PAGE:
Denmark annual company accounts
Denmark, located in northern Europe and part of Scandinavia, boasts a highly developed economy, a high standard of living, and an advantageous setting for commencing a business. Learn more about the paperwork, documents you must prepare and submit to the public authorities in order to properly file your company's annual financial statements.
How does the company return in Denmark?
Running a company involves fulfilling certain obligations. One of these is filing a tax return. In Denmark, business owners have to file an annual return with the Danish Tax Authority (SKAT). The company's settlement can be done electronically, via the website www.skat.dk
. If you choose this form of settlement, you must use one of two codes - Tastselv or NemID. These codes must be ordered in advance.
Entrepreneurs have full tax liability, which means that they must include all income - both from Denmark and outside Denmark - in their return. In doing so, the double taxation agreement must be taken into account, so that the company must not pay the same taxes twice. In order to settle your accounts, you will need the Selvangivelse - a tax return form, which is sent by the Tax Office to the address you provided when registering your business.
The company's settlement should be sent by 1 July. SKAT then sends an Arsopgorelse document to the entrepreneur. This document contains the tax decision within it, which is marked with different colours. The amount of the refund (Skat til udbetaling) is marked in green and the surcharge (Restkat til betaling) is marked in red. The annual financial statements do not necessitate a cash flow statement, consolidated financial statements, or a management's commentary. Small companies are eligible for an exemption from the yearly audit requirement.
The settlement can also be checked via SKAT's website. To do this, use your individual SKAT account and then click on the Se arsopgorelsen tab. If you wish to make an adjustment or take into account allowances for Danish entrepreneurs, point the cursor to Ret arsopgorelsen/oplysningsskemaet. The tax refund is paid to NemKonto, which every entrepreneur must set up in advance. It is important to know that Danish entrepreneurs can appeal the decision of the Tax Office or make a correction to their tax return and change company information within three years.
What annual tax returns can we encounter in Denmark?
The type of annual tax return depends on the company form we have chosen:
- the annual tax return for a sole proprietorship (Enkeltmandsvirksmhed);
- the annual tax return for a limited liability company (Anpartsselskab - ApS);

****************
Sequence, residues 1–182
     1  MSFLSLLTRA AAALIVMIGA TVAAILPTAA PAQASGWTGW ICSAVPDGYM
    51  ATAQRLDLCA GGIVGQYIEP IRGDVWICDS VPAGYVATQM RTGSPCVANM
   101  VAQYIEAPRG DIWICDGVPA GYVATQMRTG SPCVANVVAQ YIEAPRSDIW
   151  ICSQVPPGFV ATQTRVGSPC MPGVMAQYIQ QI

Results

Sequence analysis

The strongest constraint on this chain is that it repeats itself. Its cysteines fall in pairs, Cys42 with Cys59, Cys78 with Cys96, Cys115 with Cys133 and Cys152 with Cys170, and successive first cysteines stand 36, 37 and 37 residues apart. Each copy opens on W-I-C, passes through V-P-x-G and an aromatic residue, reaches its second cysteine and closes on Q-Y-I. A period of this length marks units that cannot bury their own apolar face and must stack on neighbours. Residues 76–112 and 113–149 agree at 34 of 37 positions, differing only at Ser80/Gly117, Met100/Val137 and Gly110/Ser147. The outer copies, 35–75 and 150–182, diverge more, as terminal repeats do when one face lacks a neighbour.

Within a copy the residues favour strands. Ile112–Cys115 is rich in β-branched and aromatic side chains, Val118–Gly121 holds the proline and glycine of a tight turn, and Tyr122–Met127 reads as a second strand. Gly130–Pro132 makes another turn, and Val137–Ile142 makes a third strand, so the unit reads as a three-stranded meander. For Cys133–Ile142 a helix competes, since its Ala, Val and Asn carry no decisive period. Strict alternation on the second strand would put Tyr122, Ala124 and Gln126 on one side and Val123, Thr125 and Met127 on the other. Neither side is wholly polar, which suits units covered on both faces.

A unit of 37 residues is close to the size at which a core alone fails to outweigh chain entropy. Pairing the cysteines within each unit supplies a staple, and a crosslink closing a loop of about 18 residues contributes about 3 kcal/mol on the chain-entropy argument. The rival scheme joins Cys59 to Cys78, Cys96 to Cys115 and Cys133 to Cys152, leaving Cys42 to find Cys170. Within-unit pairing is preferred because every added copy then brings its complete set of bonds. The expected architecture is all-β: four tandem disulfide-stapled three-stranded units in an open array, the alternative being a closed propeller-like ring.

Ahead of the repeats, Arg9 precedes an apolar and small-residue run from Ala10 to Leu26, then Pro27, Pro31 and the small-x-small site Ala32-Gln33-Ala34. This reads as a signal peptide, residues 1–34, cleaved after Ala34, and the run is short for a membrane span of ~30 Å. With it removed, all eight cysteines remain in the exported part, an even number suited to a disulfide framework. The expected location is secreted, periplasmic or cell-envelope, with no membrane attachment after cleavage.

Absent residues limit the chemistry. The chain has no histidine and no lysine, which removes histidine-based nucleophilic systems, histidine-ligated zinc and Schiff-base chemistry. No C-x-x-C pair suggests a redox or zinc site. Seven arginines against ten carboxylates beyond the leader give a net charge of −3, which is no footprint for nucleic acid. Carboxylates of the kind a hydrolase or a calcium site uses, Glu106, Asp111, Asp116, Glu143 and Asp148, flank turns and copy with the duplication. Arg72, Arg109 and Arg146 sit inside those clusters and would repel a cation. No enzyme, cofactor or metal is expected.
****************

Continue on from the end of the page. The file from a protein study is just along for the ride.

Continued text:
- the annual tax return for a general partnership (Interesselskab - I/S);
- the annual tax return of a public limited company (Aktieselskab - A/S);
- the annual tax return of a limited partnership (Kommanditselskab - K/S);
- the annual tax return of a branch of a foreign company (Filial af udenlandsk selskab);
- the annual tax return of a representative office of a foreign company (Salgskontor);
- the annual tax return of a cooperative association (Andelsforening/Brugsforening);
- the annual tax return of a limited liability company (from 1 January 2014 Iværksætterselskab - IVS).
Accounting deadlines in Denmark
Settlement of a sole proprietorship in Denmark
Tax on a sole proprietorship is declared on a single tax return, as the income earned is deemed to be the income of the owner. In other words, the owner is accounted for in the same way as an employed person
. The owner is entitled to the same pension and health benefits as an employed person in Denmark. A tax return must be submitted once every three or six months via the Danish Tax Administration's website.
Advance income tax payments can be made twice a year, the first due date being 20 March and the second due date being 20 November. If you choose the first deadline, you can pay a higher advance payment and a tax refund received by the danish business will be with interest higher than that offered by the bank. When you choose the second deadline, you have to reckon with the fact that the interest rate is reduced by 0.4 - which means lower interest.
Please note that you can only choose one of the tax options presented.
Costs that Danish entrepreneurs can write off against tax:
- heating costs,
- electricity charges,
- costs of maintenance work and repairs to business premises,
- company insurance costs,
- expenses related to the company car,
- purchase of machinery, equipment, appliances (if this is not possible at the time of purchase,
- deduct the costs in depreciation),
- rental charges for premises,
- expenses for the services of a lawyer or auditor,
- business telephone costs.
Settlement of companies in Denmark
Operating companies in Denmark involves accounting for income tax on the total income (including income from property and capital). A tax return must be filed within 6 months of the end of the financial year.
The taxes that apply to all Danish registered companies are CIT at 22% or, if the annual turnover is more than DKK 50,000, VAT at 25%.
What are the accounts of the individual companies?
- Limited liability company (Anpartsselskab - ApS) and joint-stock company (Aktieselskab - A/S) - settlement for taxation of shareholders' income or dividends.
- Limited liability company (Ivoerksietterselskab - IVS) - settlement is related to taxation according to company law, to which the owners of a limited liability company are not subject.
- General partnership (Interesselskab - I/S) - settlement depends on the form of taxation chosen. Three forms are left to the taxpayer's choice:
- taxation of profit as personal income, as in the case of employed persons;
- taxation in accordance with the Share Capital Act (Kapitalafkastordning), whereby part of the company's profit may be transferred to personal income and part to capital income;
- taxation in accordance with the Enterprise Act (Virksomhedsordning), according to which it is possible to deduct costs from credit interest as well as allowing profits from the company to be retained in the form of bank savings.